Author Topic: Robotron in the House, Well.. Sort of..  (Read 154 times)

Offline arcadeshenanigans

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Robotron in the House, Well.. Sort of..
« on: April 09, 2018, 11:50:31 AM »
Robotron is one of these games that I've only recently discovered a love for through the recommendation and good-advice of friends.   It is a slightly older title than I would have normally identified with as an arcade-dweller kid but wow - what a fun game!



After spending some time with it on a friend's MAME setup and on my ArpiCade card I decided that it was the next arcade cabinet for my gameroom.  I recalled having seen one locally in a local basement a few years ago helping a friend pick up a game.  I figured it would already have sold but was surprised to find it was still available.  Not running but still available.

After some light haggling we can to terms and I agreed to buy it.  Another good friend and purveyor of arcade goodness, David - even picked it up for me while servicing the seller's Burgertime.

In condition, the game's technical condition had deteriorated a little since a couple of years ago.  I recall it booted to a memory error back then, these days it didn't boot at all.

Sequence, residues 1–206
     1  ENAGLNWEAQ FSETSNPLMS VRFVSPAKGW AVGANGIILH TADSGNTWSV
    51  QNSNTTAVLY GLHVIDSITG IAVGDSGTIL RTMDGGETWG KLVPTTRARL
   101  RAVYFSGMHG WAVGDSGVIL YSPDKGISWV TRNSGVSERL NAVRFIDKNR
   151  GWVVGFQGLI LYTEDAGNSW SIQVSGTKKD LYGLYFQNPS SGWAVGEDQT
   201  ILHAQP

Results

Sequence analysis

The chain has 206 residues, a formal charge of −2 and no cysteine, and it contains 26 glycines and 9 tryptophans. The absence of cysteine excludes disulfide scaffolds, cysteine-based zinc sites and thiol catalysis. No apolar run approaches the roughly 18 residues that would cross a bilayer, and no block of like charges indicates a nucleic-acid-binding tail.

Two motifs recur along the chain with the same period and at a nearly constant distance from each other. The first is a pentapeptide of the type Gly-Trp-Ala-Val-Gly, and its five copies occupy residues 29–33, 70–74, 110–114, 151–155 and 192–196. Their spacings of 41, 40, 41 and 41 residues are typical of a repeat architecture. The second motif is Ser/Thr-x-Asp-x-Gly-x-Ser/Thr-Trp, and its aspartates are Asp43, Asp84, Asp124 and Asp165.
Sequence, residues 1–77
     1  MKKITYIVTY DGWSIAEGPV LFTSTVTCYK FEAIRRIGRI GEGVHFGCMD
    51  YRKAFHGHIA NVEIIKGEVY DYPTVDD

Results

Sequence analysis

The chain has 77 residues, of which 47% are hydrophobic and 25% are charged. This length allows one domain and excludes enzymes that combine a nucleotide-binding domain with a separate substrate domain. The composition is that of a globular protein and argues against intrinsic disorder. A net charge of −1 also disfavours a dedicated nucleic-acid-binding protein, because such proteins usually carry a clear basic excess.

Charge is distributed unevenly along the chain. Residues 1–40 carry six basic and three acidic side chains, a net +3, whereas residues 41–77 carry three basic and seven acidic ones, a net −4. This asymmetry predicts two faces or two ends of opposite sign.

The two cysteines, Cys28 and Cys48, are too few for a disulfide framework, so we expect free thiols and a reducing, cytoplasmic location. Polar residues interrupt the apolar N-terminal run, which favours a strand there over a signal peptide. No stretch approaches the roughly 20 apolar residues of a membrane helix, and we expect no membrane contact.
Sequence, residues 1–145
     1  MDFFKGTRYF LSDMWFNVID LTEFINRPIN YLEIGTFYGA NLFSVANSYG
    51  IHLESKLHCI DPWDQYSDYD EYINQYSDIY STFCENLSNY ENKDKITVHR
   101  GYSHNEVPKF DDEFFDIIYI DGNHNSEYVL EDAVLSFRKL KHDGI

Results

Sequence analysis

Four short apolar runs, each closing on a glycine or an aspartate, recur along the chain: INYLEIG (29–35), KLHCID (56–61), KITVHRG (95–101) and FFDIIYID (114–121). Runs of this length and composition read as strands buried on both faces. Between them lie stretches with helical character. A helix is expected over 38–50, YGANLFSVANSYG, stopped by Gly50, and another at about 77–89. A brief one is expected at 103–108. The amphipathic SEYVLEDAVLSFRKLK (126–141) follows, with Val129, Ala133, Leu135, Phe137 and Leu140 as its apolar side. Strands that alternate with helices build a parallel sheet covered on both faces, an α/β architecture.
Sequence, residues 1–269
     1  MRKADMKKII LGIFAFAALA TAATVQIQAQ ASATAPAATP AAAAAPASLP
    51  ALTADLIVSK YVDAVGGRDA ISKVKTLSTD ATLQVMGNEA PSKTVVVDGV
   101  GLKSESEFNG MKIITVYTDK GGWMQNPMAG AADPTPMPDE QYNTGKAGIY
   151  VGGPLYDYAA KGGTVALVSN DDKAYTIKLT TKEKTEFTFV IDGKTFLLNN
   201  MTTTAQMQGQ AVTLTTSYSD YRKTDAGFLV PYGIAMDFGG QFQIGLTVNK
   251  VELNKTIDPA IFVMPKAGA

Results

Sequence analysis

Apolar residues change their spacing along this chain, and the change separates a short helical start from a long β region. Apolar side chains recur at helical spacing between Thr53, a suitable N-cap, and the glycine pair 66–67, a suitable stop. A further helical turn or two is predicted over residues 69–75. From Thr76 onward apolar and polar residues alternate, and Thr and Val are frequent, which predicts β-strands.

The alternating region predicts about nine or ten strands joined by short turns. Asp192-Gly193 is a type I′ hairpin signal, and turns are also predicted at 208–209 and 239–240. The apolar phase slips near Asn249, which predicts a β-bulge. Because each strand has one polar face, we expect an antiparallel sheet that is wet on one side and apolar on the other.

The original power supply apparently had some issues (though was thankfully still in the cabinet.) .  This power supply sat atop the coin door. The owner would reach in and power on the game by flipping this PS on and off.   

I'm not really judging whomever did this as a fix, more so I'm just really thankful that these days Arcadeshop, highscoresaves, twisty wrist and others provide viable adapted power supply modernization options that allow you to preserve the original game harness and introduce a switching power supply.

This stuff might not have been around when the tech did the fix or maybe the owner opted for quick-and-easy route, "Just get it going."

At any rate, the original interlock switch and cabinet power switches were all bypassed by this inclusion.


When modernizing a power supply situation, I'm a fan of these Power Supplies (pictured below) that I usually get from Arcadeshop.  They have a pretty handy, well-diagrammed on/off remote wiring capability, which makes them versatile.   If you aren't a purist or working with a modern-or-remade cabinet, you can cut a hole in a cabinet and have it protrude like a PC power supply out the back of a cabinet.   No, of course I didn't do that with Robotron.



The 4-pin connector gives you a nice ability to wire into an existing cabinet power switch and wiring loop.   I made a couple of connectors and boom the cabinet switch is back in service, as is the safety interlock.  Even though they are more annoying than helpful in most cases..